Random House Trade, Paperback, 9780812978438, 331pp.
Publication Date: August 11, 2009
In these spectacular vignettes, the internationally acclaimed author Carlos Fuentes explores Tolstoy’s classic observation that “happy families are all alike; every unhappy family is unhappy in its own way.” In “A Family Like Any Other,” each member of the Pagán family lives in isolation, despite sharing a tiny house. In “The Mariachi’s Mother,” the limitless devotion of a woman is revealed as she secretly tends to her estranged son’s wounds. “Sweethearts” reunites old lovers unexpectedly and opens up the possibilities for other lives and other loves. These are just a few of the remarkable stories in Happy Families, but they all inhabit Fuentes’s trademark Mexico, where modern obsessions bump up against those of the mythic past–and the result is a triumphant display of the many ways we reach out to one another and find salvation through irrepressible acts of love.
Fuentes was born in Panama City, the son of Mexican parents, and moved to Mexico as a teenager. He served as an ambassador to England and France, and taught at universities including Harvard, Princeton, Brown and Columbia. He died in Mexico City in 2012.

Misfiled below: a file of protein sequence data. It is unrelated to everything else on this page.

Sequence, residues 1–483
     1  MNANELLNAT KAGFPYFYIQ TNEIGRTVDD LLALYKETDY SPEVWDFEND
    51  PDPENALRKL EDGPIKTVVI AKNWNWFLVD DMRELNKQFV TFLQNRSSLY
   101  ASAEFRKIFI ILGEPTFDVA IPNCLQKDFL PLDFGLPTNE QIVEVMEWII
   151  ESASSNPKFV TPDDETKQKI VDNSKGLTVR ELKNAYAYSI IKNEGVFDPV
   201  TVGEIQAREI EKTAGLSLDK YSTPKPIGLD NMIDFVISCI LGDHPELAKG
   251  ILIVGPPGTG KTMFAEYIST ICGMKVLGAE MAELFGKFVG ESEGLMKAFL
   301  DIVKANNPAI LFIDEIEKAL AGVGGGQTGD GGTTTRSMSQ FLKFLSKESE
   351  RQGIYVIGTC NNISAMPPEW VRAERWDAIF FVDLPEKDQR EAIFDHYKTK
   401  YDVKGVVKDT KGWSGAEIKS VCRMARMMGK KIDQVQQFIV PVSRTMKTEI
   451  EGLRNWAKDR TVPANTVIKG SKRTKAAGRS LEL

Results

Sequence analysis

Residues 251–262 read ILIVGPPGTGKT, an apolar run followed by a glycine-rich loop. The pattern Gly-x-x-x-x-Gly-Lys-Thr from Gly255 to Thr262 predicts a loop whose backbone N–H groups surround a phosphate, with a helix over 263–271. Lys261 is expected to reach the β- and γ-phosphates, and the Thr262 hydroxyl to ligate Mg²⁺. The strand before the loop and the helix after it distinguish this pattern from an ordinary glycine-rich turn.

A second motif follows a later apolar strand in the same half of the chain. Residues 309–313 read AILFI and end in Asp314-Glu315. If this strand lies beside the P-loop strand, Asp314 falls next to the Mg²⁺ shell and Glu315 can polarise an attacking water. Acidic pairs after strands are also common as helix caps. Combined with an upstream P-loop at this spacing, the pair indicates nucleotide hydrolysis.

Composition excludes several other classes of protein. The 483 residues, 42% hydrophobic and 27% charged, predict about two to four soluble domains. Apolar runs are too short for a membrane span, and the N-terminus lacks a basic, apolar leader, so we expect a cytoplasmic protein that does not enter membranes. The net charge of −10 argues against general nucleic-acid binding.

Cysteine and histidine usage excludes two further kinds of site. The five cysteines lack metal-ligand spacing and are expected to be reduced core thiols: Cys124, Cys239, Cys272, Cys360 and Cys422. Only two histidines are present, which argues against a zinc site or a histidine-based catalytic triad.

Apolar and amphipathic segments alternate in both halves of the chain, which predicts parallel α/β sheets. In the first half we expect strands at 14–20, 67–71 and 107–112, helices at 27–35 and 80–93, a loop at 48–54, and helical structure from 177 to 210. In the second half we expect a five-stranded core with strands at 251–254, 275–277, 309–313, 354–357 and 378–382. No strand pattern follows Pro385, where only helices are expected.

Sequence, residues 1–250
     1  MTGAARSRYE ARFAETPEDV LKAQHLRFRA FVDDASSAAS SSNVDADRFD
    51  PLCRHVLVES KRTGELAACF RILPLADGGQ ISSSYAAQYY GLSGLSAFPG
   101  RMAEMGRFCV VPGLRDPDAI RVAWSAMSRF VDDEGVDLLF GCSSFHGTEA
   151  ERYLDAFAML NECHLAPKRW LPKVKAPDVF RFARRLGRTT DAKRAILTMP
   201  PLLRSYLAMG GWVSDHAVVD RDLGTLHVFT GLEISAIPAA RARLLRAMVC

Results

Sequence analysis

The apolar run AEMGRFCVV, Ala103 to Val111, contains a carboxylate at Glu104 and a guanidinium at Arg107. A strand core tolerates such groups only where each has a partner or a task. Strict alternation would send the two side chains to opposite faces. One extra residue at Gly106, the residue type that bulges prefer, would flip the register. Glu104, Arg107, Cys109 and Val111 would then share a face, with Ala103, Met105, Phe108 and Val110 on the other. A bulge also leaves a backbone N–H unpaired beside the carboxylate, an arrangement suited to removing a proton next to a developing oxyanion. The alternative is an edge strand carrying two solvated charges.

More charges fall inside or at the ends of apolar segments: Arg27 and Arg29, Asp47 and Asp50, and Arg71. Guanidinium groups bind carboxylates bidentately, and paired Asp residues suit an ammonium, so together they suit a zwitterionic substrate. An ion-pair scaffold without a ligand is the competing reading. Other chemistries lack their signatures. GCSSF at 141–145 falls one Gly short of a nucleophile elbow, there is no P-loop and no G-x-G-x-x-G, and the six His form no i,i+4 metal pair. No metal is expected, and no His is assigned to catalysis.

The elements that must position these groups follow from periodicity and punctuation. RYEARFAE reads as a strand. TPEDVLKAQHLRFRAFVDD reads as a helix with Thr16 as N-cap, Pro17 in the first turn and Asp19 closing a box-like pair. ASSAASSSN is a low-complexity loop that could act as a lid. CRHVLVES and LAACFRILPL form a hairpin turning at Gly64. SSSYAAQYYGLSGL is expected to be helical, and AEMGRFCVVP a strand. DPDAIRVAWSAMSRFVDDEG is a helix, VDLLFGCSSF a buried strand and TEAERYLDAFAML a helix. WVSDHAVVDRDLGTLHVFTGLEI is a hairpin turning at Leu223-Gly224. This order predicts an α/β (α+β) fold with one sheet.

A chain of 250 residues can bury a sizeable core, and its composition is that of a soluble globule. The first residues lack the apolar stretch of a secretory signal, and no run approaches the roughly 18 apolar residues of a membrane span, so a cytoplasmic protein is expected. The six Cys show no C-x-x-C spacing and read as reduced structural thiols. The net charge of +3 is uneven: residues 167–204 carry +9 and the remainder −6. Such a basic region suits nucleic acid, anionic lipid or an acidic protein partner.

Acclaimed for her best-selling translations of Cervantes, Gabriel Garcia Marquez, and Mario Vargas Llosa, Edith Grossman has received many awards including the PEN/Ralph Manheim Medal for Translation. She lives in New York City.
“Completely captivating and entertaining, with Fuentes’s superb style (exciting language that snaps with fervency) and his trademark characterizations dancing off the page.”—Booklist
“[Fuentes has a] masterful ability to evoke the sounds, smells, sights and mythic history of his native land.”—Seattle Times
“A kaleidoscope of indelible images . . . Fuentes gives poignant voice to the many denizens of Mexico’s streets.”—San Francisco Chronicle
“What makes this collection a joy to read is that each tale is riveting and crucial to the book’s tapestry as a whole. . . . The translation by Edith Grossman [is] a towering achievement that well serves Mr. Fuentes’s witty, ironic and often experimental play with language.”— Washington Times